Giving listeners a bleak glimpse into his struggles and hardships before the fame. It’s from his second studio album “The Slim Shady LP” released in 1999 when Em was still a rugged, uncensored kid from Detroit. The lyrics are raw, honest, and unfiltered. It ain’t flashy or filled with punchlines ‘ it’s just Marshall Mathers being vulnerable and keeping it 100. If you ain’t familiar with this track, then you sleepin’ on a key piece of Eminem history, fam. The raw emotion that he applies to the rhymes draws you in and provides a sturdy example of his talent for turning personal trauma into compelling art. It’s one of those joints that remind us why Em’s still the rap game’s GOAT contender.
89. Drug Ballad
Vintage Shady – raw, controversial, yet undeniably compelling. From the seminal “Marshall Mathers LP,” it’s a potent narrative, serving as a cautionary tale of substance abuse wrapped in Em’s razor-sharp wit and audacious delivery. Laced with a thumping bassline and a catchy hook by Dina Rae, it’s a deep cut that exemplifies the complexities and contradictions of Eminem’s persona. Despite its light-hearted sound, the spot-on depiction of drug-fueled high-life and inevitable crash is as real as it gets. Interestingly, it also features doses of self-awareness, as Em questions his own reliance on substances to fuel his creativity. As a standout track, “Drug Ballad” stands as a testament to Eminem’s storytelling prowess and his uncanny ability to blend harsh realities with dark humor.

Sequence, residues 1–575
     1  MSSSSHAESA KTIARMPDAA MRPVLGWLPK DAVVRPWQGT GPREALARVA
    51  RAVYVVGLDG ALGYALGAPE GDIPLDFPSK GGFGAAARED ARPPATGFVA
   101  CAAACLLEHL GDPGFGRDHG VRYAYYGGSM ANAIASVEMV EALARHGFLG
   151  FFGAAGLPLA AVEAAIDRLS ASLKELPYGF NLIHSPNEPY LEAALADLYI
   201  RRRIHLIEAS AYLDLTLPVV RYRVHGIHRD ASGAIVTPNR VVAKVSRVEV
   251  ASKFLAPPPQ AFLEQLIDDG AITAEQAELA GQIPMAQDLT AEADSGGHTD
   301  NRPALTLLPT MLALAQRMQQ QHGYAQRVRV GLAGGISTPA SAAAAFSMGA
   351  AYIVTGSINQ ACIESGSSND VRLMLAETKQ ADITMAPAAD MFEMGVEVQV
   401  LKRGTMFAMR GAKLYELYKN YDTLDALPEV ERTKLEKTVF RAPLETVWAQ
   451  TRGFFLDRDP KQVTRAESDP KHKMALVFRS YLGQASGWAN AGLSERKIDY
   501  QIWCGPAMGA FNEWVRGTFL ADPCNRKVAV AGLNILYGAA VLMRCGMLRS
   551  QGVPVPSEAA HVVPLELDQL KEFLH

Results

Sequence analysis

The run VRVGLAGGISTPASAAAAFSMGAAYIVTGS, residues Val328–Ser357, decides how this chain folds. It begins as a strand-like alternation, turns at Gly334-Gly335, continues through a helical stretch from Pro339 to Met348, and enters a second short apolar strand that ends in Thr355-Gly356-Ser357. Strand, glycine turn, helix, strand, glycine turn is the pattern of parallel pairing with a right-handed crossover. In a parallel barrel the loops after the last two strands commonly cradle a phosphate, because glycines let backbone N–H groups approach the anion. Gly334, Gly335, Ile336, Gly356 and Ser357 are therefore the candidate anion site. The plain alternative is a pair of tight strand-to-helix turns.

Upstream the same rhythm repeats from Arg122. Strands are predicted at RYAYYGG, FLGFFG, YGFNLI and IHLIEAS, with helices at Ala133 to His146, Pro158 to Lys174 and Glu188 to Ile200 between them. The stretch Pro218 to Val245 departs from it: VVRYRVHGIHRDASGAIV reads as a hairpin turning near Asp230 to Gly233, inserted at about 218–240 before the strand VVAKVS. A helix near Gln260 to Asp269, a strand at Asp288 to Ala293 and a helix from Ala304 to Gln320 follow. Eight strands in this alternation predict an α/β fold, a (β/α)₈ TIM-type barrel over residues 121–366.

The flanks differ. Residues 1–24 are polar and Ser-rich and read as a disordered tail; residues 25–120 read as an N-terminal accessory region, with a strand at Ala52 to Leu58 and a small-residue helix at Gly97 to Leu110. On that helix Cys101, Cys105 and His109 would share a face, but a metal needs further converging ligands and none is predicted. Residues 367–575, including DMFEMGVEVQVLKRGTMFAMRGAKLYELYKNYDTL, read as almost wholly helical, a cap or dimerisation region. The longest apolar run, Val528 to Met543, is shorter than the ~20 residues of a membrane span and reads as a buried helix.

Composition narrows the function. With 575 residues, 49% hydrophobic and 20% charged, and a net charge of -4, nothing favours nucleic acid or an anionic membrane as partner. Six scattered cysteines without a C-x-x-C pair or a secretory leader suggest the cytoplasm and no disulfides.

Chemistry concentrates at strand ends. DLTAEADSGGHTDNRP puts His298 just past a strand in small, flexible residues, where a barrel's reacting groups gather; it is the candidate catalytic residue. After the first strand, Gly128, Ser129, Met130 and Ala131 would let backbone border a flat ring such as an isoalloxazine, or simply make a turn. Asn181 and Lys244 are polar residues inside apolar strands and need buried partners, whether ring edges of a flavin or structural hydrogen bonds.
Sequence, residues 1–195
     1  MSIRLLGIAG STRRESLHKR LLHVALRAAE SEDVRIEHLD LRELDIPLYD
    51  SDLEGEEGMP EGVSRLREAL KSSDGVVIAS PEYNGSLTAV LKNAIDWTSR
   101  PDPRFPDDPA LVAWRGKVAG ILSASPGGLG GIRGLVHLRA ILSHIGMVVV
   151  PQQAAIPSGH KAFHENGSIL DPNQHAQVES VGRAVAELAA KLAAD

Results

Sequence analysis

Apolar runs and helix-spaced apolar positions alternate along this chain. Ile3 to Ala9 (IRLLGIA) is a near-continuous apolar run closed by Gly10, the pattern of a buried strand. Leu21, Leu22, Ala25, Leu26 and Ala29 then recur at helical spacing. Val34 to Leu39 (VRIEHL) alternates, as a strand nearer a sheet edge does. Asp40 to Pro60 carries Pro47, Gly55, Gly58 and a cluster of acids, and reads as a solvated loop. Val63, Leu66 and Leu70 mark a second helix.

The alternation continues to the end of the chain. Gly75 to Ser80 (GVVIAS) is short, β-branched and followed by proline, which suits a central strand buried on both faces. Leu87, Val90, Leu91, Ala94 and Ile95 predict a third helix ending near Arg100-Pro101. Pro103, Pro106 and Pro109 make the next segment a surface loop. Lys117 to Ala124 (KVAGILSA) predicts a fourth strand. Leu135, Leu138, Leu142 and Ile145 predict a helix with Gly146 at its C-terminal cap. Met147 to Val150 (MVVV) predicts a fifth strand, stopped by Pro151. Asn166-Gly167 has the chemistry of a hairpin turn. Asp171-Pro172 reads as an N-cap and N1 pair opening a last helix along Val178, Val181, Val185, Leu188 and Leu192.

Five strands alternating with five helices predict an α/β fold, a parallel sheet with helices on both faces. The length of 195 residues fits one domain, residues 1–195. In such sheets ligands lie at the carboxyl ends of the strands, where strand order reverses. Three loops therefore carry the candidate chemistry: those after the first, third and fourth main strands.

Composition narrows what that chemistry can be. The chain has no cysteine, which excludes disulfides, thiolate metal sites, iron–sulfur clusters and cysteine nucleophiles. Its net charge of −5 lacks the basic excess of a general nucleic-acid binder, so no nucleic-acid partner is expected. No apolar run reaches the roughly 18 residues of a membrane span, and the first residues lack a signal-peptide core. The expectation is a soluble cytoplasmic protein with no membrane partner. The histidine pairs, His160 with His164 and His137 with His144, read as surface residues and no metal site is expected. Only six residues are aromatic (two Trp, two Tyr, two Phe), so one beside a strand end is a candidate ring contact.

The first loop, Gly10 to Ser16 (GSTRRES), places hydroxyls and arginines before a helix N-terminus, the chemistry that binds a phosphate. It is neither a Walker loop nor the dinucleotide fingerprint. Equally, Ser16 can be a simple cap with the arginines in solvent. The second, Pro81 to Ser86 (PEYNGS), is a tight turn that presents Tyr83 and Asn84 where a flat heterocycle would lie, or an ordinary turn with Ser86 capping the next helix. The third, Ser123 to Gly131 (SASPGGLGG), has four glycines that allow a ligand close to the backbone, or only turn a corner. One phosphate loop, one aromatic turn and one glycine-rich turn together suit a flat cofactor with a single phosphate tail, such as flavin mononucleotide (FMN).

88. Won’t Back Down
No doubt one of Em’s more confrontational joints, a knock-down drag-out lyrical skirmish. Featured on the 2010 album “Recovery”, this song embodies Em’s feisty spirit and refusal to back down, no matter what. Pink, the hook master, brings through a rock edge with her raspy and powerful vocals, juxtaposing it to Em’s fiery rhymes to bring a sense of tenacity. It’s not a top-tier Eminem song by any stretch – some may even label it as the moment Marshall veered into a more pop-focused direction. But you gotta give it to him for the lyrical tenacity. He ferociously spits bars, bobbing and weaving around detractors, refusing to go down without a fight. It’s the Slim Shady way.
87. Unaccommodating (feat. Young M.A)